Over the last 40 years, The Sunday Game has brought the GAA football and hurling championships into your homes.

And now, we want you to help us choose the best XV in each code of the TV era - picking the best XV from All-Star winners of the Sunday Game era (1979-present)

Cast three votes for your All-Star football half-forward line selection or email teamselection@rte.ie to make any more considered contributions. We will be debating these teams across our platforms in the coming weeks.

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Only six spots remain unfilled in the team and we now turn our attention to the half-forward line.

The first All-Star team of the Sunday Game era in 1979 featured Pat Spillane, who at the time was collecting his fourth award, and would add another five before hanging up his boots following a glittering career.

All but one of the Templenoe man's nine All-Stars came in the half-forward line and his individual haul is a record for a footballer since the awards came into existence in 1963.

His team-mates Ger Power and Seán Walsh were also part of that Kerry dynasty, while another, Denis 'Ogie' Moran would only claim one All-Star to go with his eight Celtic Crosses.

Curiously, for all Kerry's success in the 80s, only twice would a man in green and gold take the centre-forward spot on the All-Stars team, Moran in 1981 and 'Bomber' Liston three years later.

Cork's Dinny Allen is another who can consider himself unfortunate to only pick up one All-Star, while Offaly's Matt Connor (pictured below), widely regarded as one of the most naturally gifted forwards to ever grace the game, could well have added more than three All-Stars (two in the half-forward line) had his career not been cut short by a car accident.

Other notable players from the 80s include Dublin pair Barney Rock (3 All-Stars) and Kieran Duff (2), Cork's Larry Tompkins (2) and Meath's David Beggy (2). Down's double All-Ireland winner Greg Blaney wore the number 11 jersey with distinction and his third All-Star in 1994 came 11 years after his first.

The 90s saw a number of iconic players make their mark on the 40.

Peter Canavan may be considered by many to be more of a lethal inside forward, but his six All-Stars were book-ended in the half-forward line.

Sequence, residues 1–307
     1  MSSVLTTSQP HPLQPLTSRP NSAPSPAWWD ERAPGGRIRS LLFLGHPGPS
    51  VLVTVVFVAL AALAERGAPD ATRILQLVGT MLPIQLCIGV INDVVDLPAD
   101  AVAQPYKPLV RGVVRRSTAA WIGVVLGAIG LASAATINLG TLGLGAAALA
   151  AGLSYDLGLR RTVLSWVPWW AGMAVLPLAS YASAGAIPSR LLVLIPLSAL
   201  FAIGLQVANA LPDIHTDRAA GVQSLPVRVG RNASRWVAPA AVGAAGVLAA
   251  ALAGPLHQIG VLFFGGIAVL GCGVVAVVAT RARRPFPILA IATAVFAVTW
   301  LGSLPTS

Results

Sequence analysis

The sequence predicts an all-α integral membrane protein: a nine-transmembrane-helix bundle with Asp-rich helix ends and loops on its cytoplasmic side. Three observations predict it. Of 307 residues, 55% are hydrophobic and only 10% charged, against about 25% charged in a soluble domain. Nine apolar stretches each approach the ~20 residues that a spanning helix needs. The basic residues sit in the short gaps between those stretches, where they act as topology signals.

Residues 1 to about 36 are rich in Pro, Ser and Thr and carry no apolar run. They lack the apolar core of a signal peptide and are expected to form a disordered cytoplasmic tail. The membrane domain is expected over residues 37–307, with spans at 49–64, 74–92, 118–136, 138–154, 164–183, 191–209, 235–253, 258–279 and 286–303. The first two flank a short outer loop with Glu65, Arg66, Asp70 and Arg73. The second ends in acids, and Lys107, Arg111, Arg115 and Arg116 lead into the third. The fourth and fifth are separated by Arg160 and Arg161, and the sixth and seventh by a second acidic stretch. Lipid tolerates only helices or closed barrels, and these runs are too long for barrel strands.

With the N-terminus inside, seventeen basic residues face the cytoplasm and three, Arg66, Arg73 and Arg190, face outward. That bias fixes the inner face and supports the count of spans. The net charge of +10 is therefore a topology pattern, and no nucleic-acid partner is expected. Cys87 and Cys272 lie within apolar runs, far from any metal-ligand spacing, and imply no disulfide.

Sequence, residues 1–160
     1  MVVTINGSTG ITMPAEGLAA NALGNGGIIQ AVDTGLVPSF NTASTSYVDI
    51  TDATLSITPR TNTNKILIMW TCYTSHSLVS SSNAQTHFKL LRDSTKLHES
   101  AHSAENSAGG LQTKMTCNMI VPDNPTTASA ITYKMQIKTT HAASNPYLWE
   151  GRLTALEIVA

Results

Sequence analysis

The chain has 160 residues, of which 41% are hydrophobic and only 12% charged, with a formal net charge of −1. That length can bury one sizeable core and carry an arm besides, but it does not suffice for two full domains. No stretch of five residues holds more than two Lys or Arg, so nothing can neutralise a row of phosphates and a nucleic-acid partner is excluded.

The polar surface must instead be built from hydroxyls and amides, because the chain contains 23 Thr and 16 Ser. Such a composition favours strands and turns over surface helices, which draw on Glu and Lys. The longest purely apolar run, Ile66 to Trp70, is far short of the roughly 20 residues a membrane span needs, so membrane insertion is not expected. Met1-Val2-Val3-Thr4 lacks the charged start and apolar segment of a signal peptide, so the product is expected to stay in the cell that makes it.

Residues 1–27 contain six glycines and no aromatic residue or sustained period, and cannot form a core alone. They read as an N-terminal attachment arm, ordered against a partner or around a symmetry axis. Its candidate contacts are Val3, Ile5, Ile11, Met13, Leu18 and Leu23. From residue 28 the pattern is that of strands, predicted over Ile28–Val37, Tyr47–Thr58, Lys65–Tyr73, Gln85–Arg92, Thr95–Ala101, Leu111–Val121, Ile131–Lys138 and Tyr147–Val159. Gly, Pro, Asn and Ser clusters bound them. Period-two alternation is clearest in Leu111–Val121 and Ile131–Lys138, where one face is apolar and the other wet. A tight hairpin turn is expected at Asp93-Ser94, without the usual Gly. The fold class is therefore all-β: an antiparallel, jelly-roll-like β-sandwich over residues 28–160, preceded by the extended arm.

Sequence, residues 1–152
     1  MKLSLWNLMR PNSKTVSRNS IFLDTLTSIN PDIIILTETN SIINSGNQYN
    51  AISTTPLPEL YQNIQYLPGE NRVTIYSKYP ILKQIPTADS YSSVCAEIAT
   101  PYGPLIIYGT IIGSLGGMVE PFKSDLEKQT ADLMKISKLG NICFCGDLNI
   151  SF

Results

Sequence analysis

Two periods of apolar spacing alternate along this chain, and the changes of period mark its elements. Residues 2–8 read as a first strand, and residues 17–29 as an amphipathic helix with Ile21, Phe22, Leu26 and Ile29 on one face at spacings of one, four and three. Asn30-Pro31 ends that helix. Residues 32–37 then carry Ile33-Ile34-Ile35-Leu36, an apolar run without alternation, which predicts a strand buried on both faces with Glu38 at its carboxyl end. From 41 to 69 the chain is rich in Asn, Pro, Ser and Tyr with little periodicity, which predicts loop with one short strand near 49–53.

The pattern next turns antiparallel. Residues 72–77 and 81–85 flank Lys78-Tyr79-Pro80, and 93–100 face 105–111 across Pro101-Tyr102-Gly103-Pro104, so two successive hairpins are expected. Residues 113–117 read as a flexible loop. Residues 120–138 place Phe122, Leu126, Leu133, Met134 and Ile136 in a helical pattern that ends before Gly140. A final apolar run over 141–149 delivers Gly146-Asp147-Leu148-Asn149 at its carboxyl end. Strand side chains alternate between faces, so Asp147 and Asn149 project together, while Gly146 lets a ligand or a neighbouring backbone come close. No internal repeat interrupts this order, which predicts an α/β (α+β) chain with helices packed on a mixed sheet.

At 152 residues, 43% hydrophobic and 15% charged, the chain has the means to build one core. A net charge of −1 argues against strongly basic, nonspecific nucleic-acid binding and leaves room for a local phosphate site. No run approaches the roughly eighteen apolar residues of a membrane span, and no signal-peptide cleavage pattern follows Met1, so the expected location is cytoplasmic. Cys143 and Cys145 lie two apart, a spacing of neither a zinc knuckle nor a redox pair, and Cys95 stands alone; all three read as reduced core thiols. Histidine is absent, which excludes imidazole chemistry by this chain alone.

Galway's most famous postman Ja Fallon (2) and Meath ace Trevor Giles (3) claimed Footballer of the Year gongs in 1998 and 1996 respectively, while another Tribesman, Michael Donnellan (3), oozed class whenever he donned the maroon jersey. His point against Kildare in the 1998 All-Ireland decider will go down as one of the great individual scores in Croke Park.

Current Mayo manager James Horan and Armagh forward Oisin McConville each picked up two awards, while James McCartan (2) was central to Down's success in the early part of the decade, landing personal honours in both the half and full-forward line.

Brian Dooher, left, and Paul Galvin in action during the 2008 All-Ireland football final

The Kerry-Tyrone rivalry of the noughties saw the counties carve up nine All-Irelands in the first decade of the new millennium. Brian Dooher and Paul Galvin, Footballer of the Year in 2009, did as much as any players to transform the role of the industrious wing-forward and they shared half a dozen All-Stars between them. 

Declan O'Sullivan, after some tricky early moments in his Kerry career, would demonstrate his class at centre-forward, where he picked up two of his three awards, while the last two awards of Seán Cavanagh's tally of five came in the half-forward line.

Only four men from Westmeath have ever claimed an All-Star, with Dessie Dolan becoming their second in 2004 at left half-forward.

Mayo ace Ciarán McDonald

Also on that All-Star team was the mercurial Ciarán McDonald, who gave an exhibition in the All-Ireland semi-final win over Dublin. Remarkably it would be the only All-Star the Crossmolina man would win, with Tyrone's influential play-maker Brian McGuigan also making the Team of the Year on just one occasion.

Dublin's dominance in the last decade was backboned by the performances of Paul Flynn, who reeled off four successive awards, while talisman Alan Brogan (3) claimed Footballer of the Year when Pat Gilroy's side made the breakthrough in 2011.

Castleknock's Ciarán Kilkenny, who failed to make the All-Stars Team of the Year last year, has made the cut in three of the last five occasions, once more than team-mate Diarmuid Connolly.

Paul Mannion and Con O'Callaghan have both been selected one occasion each on the half-forward line, though are are more associated for their finishing ability higher up the pitch.

Donegal captain and inspiration Michael Murphy continues to perform at the highest level, 13 years on from his senior inter-county bow.

The versatile Glenswilly man could be selected anywhere from defence up, though two of his three All-Stars, in 2014 and 2019, have come in the half-forward line.